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BWW Review: Green Day's AMERICAN IDIOT Pulsates at Playhouse

Now that Peter has returned to Neverland and the good citizens of Tuna have returned their yard ornaments to their garages and attics, Green Day's AMERICAN IDIOT has seen to it that all the kiddies need to be tucked away in bed: Playhouse's electrifying production of the punk rock musical odyssey, with Book and Lyrics by Billie Joe Armstrong and Book by Michael Mayer, has traded in pirates for pushers; and the result must have Rodgers and Hammerstein scratching their heads in musical heaven and asking the question, "What in the name of Bali Hai is going on here?" However, if like me, you're primed for some stimulating adult entertainment, you'll find more than your toes tapping in this "in your face" assault on the idiocy that is America -- that is we the audience.

The three principal characters here -- Johnny, Tunny, and Will, all dissatisfied with their stifling life in suburbia (as thrillingly put forth in "Jesus of Suburbia" -- are desirous of new directions in their lives. They're like Dorothy's three companions on adrenaline, each searching to find something missing in his life. Will (poignantly rendered by Sam Warner) is ready to join his fellow rockers when, unexpectedly, his girlfriend finds herself pregnant; no sooner will his bags be packed, than he will be forced to accept his lot. Shoulders sagging, he will remain in his home town. The determined Johnny (Nathan McHenry, who has the voice and "edge" to assert himself as the protagonist), like a punk rock version of Rice and Webber's EVITA and her Buenos Aires, is "ripe picking" for the Big City, while Tunny (brawny Christopher Miller), glued to his bed sheets and brain-washed by the repetitive "We Are Proud"-military messages he keeps hearing while channel surfing, is drawn to a life of active service. Not one of these three will find the Holy Grail he is seeking: Will's wife will leave him for a life of bag-toting prosperity; Johnny (edged on by his id-like "St. Jimmy" -- Dane Van Brocklin, tattooed and shirtless and seemingly joined at the gyrating hips of our hero -- and Lorelei-d by lovely Alexis Grace's "Whatsername") remains stuck in the mud of his making; and Tunny finds himself sidelined by a debilitating injury. Like Dorothy's companions, as much as they deplore their "Kansas," these three will eventually find that "there's no place like home" -- and will embrace their inner idiocy.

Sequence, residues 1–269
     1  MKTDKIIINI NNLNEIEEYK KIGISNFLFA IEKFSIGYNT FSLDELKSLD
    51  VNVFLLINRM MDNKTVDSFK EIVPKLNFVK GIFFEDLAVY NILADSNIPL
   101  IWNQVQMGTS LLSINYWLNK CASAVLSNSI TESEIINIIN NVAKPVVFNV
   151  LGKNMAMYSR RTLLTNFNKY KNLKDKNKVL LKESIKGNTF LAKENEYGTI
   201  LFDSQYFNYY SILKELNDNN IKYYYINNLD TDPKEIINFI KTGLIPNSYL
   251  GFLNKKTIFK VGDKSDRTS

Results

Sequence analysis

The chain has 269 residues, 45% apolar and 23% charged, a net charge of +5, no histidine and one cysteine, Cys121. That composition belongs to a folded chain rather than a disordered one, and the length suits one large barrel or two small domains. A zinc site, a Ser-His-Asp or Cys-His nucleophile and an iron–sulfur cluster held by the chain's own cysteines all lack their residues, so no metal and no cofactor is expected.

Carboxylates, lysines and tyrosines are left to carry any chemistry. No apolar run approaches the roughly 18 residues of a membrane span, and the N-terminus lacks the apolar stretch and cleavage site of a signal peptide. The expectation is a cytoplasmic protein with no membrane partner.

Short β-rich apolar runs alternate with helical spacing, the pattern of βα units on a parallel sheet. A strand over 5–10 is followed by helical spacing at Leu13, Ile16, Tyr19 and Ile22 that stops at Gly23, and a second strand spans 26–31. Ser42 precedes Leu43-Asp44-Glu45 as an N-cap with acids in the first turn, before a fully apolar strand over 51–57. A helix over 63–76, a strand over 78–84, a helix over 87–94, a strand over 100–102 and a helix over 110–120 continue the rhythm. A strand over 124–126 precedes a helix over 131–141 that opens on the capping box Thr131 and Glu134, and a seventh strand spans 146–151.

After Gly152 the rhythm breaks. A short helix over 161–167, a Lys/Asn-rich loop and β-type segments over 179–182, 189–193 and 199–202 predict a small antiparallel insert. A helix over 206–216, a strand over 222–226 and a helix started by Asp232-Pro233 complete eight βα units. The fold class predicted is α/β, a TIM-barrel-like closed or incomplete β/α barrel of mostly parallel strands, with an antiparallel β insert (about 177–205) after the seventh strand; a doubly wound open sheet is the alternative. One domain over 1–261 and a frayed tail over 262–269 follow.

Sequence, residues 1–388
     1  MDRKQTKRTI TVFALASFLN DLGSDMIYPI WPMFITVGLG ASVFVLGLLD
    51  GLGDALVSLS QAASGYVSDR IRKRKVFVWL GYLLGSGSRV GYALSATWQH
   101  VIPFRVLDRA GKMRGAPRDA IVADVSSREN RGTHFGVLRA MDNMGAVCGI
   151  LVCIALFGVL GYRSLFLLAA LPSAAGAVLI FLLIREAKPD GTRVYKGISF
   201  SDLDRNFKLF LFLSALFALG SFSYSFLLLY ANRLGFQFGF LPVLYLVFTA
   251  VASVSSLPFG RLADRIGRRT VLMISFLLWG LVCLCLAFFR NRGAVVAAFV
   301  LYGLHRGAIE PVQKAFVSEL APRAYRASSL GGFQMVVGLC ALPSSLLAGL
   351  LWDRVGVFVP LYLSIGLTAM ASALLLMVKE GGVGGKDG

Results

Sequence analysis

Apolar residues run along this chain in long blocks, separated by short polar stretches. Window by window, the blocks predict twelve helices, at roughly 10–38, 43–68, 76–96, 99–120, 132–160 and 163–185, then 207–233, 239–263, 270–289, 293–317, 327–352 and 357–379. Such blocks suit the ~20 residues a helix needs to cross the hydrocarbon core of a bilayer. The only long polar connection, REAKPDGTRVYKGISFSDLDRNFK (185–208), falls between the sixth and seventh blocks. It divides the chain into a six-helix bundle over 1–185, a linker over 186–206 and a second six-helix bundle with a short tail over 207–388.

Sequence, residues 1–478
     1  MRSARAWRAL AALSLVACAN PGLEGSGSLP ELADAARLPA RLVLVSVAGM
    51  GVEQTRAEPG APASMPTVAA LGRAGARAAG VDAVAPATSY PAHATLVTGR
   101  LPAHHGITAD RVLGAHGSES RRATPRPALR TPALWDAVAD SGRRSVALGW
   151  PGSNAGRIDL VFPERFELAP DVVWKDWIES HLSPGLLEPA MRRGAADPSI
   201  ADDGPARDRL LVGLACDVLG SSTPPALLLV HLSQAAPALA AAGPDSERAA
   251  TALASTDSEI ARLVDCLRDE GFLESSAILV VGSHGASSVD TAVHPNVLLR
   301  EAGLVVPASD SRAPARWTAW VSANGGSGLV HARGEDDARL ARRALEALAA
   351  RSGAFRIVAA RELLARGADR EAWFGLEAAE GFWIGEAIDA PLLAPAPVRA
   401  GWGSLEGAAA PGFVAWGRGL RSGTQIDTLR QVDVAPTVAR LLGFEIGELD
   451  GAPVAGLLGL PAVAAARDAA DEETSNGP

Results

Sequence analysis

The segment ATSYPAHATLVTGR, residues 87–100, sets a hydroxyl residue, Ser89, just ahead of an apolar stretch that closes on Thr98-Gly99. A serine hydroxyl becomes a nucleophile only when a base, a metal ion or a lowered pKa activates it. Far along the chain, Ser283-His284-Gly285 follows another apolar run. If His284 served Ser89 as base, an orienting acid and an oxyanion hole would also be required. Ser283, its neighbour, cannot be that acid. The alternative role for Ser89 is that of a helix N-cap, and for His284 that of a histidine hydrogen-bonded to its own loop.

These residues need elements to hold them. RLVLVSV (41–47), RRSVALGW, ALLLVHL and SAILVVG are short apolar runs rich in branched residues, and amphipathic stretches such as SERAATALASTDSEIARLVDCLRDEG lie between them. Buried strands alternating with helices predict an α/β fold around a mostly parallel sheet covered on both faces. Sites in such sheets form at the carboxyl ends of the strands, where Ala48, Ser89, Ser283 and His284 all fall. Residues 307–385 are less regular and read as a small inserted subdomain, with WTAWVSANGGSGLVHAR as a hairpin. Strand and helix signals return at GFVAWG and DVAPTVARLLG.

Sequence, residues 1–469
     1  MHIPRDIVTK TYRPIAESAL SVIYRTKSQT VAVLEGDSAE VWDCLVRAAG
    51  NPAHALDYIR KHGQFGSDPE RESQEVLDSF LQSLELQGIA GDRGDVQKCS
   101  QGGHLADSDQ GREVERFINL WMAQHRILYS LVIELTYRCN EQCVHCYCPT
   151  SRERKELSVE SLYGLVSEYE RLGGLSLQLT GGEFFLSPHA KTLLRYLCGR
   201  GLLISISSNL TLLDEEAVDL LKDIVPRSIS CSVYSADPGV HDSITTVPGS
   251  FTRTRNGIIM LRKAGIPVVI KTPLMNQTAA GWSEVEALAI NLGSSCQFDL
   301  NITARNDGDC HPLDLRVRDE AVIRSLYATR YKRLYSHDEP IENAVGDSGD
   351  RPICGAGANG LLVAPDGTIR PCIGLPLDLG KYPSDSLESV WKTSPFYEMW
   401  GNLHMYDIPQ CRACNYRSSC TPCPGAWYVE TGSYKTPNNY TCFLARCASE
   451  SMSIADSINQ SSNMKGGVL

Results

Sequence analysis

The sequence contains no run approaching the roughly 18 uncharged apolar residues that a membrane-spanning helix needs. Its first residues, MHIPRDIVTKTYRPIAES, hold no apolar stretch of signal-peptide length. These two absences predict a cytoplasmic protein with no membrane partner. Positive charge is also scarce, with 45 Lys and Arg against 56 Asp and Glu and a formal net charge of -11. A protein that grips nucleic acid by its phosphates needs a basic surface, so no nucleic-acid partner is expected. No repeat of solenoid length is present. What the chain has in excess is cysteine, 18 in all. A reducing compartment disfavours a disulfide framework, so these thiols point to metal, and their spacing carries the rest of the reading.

This musical leaps out at you like the great grandchild of HAIR, and if your ear has been attuned to the "Champagne music" of Lawrence Welk, then you'd best explore other venues for your auditory pleasure. This dynamo of a musical electrifies from the beginning, and fans of Green Day (whose concept album inspired the play) seemed out in full force on opening night. If nothing else, they lopped decades off the average age of a theatre attendant. In fact, it was almost shocking to see a cast as young and uninhibited as this (and yes, Virginia, Costume Designer Caleb Blackwell must have had a well-deserved break during the scenes that exhibited partial nudity),

While concentrating on the lyrics to the songs (and there are a few ballad-like moments that punctuate the otherwise driving numbers), I kept thinking -- wouldn't it be interesting to take the words here, incorporate them into a more or less straightforward script, and create a music-less play? Even without the Green Day music, I think it would work. However, who needs cohesion when there's so much exhilaration in the music?

Director/Choreographer Gary John La Rosa has staged with such nonstop energy and ingenuity that I wondered whether Playhouse had enough earthquake insurance to care for the fissures in its foundation. The inventive set is by Mark Guirguis; and the rocking on-stage band has been directed by Thomas Bergstig. The rafters at Playhouse will be shaking through February 14.


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From This Author Joseph Baker

I received my Master of Arts Degree in English from Memphis State University and worked as an English instructor at Christian Brothers High School from (read more...)